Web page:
Methods/Results: Five approaches were used to measure the *implementation* of CTC in participating communities. First, ten coalition members participated in telephone interviews annually across five years. The goal was to assess how the coalitions were structured and how they functioned. Second, community prevention coordinators documented the work of the coalition through meeting minutes, taskforce records, and community action plans. Third, community coordinators and technical assistance providers periodically rated the communities against CTC milestones and benchmarks to assess the degree of CTC implementation. Fourth, coalition members regularly recorded the scope and intensity of the delivery of the specific strategies on the community's action plans. Fifth, prevention service providers, school principals, and civic leaders completed telephone interviews, mail and web surveys bi-annually during the intervention to document the type, number, and scope of prevention activities in their communities. In addition, three approaches were used to evaluate the *outcomes* of CTC. First, ten positional community leaders (the mayor, chief of police, school superintendent), and five knowledgeable leaders recruited through snowball sampling techniques, participated in telephone interviews twice during the baseline period and twice during the intervention period. This information was used to compare the extent to which the intervention and control communities were changing over time in regard to their cross-sector collaboration, knowledge, and adoption of effective prevention practices. These leaders also reported on other community events that could shape the community contexts in which prevention activities were occurring. Second, bi-annual cross sectional student self-report surveys were collected of all assenting 6th, 8th, 10th, and 12 grade public school students to assess risk factors, protective factors, and youth problem behaviors. Finally, a longitudinal panel of students who were in 5th grade at the onset of the intervention was surveyed annually to determine incidence and prevalence rates of adolescent health and behavior problems. Each of the quantitative instruments has adequate internal reliability as well as convergent and predictive validity.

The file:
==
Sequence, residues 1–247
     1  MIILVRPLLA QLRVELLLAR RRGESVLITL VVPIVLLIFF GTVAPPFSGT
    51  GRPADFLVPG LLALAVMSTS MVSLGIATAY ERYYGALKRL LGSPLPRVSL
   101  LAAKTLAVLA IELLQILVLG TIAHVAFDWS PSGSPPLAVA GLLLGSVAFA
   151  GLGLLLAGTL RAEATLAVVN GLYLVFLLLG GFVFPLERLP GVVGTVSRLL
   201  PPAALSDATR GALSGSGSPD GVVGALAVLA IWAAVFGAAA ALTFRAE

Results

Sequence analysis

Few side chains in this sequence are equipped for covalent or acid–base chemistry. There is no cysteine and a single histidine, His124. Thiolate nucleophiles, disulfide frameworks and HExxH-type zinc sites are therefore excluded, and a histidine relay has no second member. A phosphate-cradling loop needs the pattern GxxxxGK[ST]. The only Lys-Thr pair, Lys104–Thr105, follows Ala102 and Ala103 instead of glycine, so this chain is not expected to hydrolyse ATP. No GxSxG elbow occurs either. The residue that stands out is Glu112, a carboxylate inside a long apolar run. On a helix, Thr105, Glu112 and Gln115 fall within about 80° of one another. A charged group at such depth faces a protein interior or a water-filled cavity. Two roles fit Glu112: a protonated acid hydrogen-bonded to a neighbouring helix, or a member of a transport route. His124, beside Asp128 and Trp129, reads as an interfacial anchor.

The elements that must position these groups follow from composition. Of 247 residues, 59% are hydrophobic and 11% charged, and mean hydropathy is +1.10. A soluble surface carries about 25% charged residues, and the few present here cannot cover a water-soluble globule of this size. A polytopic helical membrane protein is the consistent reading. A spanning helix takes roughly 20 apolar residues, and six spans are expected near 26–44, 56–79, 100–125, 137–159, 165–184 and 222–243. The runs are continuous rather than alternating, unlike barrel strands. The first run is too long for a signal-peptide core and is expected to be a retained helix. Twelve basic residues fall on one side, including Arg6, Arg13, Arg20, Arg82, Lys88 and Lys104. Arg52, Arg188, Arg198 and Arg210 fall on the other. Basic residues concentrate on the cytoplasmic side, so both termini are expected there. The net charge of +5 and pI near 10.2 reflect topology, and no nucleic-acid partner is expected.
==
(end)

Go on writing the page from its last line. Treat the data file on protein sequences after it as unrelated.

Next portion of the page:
Implications: This presentation demonstrates the diversity of measurement strategies used in a randomized control trial of a community level intervention. The presenters will share lessons learned regarding retention, analyzing missing data, and tensions between internal/external validity and university/community directedness.